17th-Oct-2009 09:29 pm (UTC)
Oh, okay. Sexual orientation is mentioned in the German anti-discrimination law, so I was wondering if that's not also the case in the US...
17th-Oct-2009 09:30 pm (UTC)
It's also a prohibited ground of discrimination in Canada.
17th-Oct-2009 09:47 pm (UTC)
Yeah, we're just behind the times with that one.
17th-Oct-2009 07:02 pm (UTC)
Actually, Wikipedia lists:

* Race
* Sex
* Pregnancy
* Religion
* National origin
* Disability (physical or mental, including HIV status)
* Age (for workers over 40)
* Military service or affiliation
* Anticipated deployment with the Reserves or National Guard
* Bankruptcy or bad debts
* Genetic information
* Citizenship status (for citizens, permanent residents, temporary residents, refugees, and asylees)
17th-Oct-2009 08:23 pm (UTC)
It does in some states, but I don't think it's federal yet. There's pending legislation about it for employment right now.
17th-Oct-2009 09:00 pm (UTC)
It's an outdated discriminatory policy that doesn't even have popular support anymore.
17th-Oct-2009 10:32 pm (UTC)
If I can't talk about something because the government will punish me for doing so, my constitutional guarantee to free speech under the First Amendment is violated.
18th-Oct-2009 02:34 am (UTC)
I think those in politics and are heavy into their religion don't understand blatant irony.
17th-Oct-2009 11:21 pm (UTC)
At a time when recruitment is at all-time lows and every branch of the Armed Services is hurting for qualified personel, the fact that they're kicking out needed soldiers because of sexuality is beyond ludicrous. It's cutting off your nose to spite someone else's face.
18th-Oct-2009 12:00 am (UTC)
If you think that the DADT policy should be repealed, when should it be repealed? -

First and foremost, Obama's reversal on this is tragic. The existence of the policy is shameful.

However - big however - a bunch of Law professors who say that he has the power is the same way the U.S. started torturing people and denying others fundamental rights. The Executive is showing deference to the rule of law? What madness is this? Sure, it's a self-serving deference, or perceivedly self-serving deference or some such, but that's something.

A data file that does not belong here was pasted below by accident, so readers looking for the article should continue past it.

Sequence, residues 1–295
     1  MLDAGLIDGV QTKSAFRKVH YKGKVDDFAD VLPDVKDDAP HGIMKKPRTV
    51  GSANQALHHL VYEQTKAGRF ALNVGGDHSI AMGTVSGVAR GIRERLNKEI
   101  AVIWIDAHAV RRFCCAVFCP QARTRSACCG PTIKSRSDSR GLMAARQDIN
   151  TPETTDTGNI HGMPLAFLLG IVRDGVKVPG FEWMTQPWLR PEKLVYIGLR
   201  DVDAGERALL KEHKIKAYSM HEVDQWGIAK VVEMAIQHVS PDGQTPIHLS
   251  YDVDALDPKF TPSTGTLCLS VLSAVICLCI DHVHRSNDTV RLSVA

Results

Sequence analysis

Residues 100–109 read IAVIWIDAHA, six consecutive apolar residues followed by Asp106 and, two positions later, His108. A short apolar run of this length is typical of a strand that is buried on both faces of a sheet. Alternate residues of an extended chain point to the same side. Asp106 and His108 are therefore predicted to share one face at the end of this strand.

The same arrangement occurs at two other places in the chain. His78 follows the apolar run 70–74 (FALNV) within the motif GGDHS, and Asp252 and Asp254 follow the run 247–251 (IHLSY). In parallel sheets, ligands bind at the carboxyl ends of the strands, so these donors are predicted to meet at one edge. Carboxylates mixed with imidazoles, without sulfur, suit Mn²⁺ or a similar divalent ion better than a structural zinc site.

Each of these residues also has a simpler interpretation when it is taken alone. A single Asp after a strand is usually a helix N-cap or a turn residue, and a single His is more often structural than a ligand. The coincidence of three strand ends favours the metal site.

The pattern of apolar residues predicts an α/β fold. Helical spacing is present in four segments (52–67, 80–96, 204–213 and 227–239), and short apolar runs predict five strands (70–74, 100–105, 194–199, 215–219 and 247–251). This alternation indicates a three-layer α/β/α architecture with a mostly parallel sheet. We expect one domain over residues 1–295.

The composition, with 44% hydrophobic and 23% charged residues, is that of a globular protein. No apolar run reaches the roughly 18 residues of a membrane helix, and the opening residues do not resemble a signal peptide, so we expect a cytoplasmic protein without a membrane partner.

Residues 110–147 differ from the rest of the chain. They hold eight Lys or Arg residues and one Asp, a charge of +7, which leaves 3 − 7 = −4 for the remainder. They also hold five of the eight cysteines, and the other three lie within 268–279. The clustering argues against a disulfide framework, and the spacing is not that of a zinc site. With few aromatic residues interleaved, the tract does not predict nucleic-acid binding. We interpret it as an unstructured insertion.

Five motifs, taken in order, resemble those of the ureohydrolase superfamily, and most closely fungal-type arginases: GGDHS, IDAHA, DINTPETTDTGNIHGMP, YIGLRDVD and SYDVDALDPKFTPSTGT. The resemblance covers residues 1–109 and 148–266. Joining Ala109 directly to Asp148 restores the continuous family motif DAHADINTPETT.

In fact, it's this sort of thing that makes me worried Bush "broke the seal," so to speak, and the U.S. population isn't going to accept anything less than a President who acts like a tyrant.
19th-Oct-2009 05:01 am (UTC)
You make a very good point.

18th-Oct-2009 02:32 am (UTC)
I think it should have been repealed years ago.
18th-Oct-2009 02:58 am (UTC)
At the time that Don't Ask, Don't Tell became a rule/law/whatever, I saw it as a first step towards allowing anyone of any sexual orientation to serve openly in the military. It's taken far too long for this to happen, and I think it's BS that it hasn't been repealed already and replaced with a policy of allowing anyone to serve who wants to serve.

Edited at 2009-10-18 03:00 am (UTC)
19th-Oct-2009 04:59 am (UTC)
At heart, I wish it would be repealed now. If the military was the civilian world, with civilian minds, things would be a lot different.

That being said, the military is very different. Rules are different, and the repercussions are extremely different. I selected "I think it should be repealed when a majority of those in the military support its repeal" in the second question, because if it was repealed now, there would be a lot of hurt and pain of the homosexuals in the military.

Then again, the ones that would decide to "come out" to the military could be seen as martyrs in later years.

I feel that a lot of people who have strong views on this don't fully understand the opposing side. Whether that being pro-gay rights members to the military or visa versa.
19th-Oct-2009 05:59 pm (UTC)
I'm against DODT and think it should be done away with. People should be able to openly be who they are without being expected to hide their sexual orientation or anything else about them. That would be the ideal/perfect scenario.

In the real world, however, I see problems inplementing this now, especially considering what a good number of people in the US military are like (ultra "masculine" types, super conservative, etc.) -- so I see a LOT of problems ahead that will last for some time, should it be changed.

Obviously, you have to start somewhere. So why not now?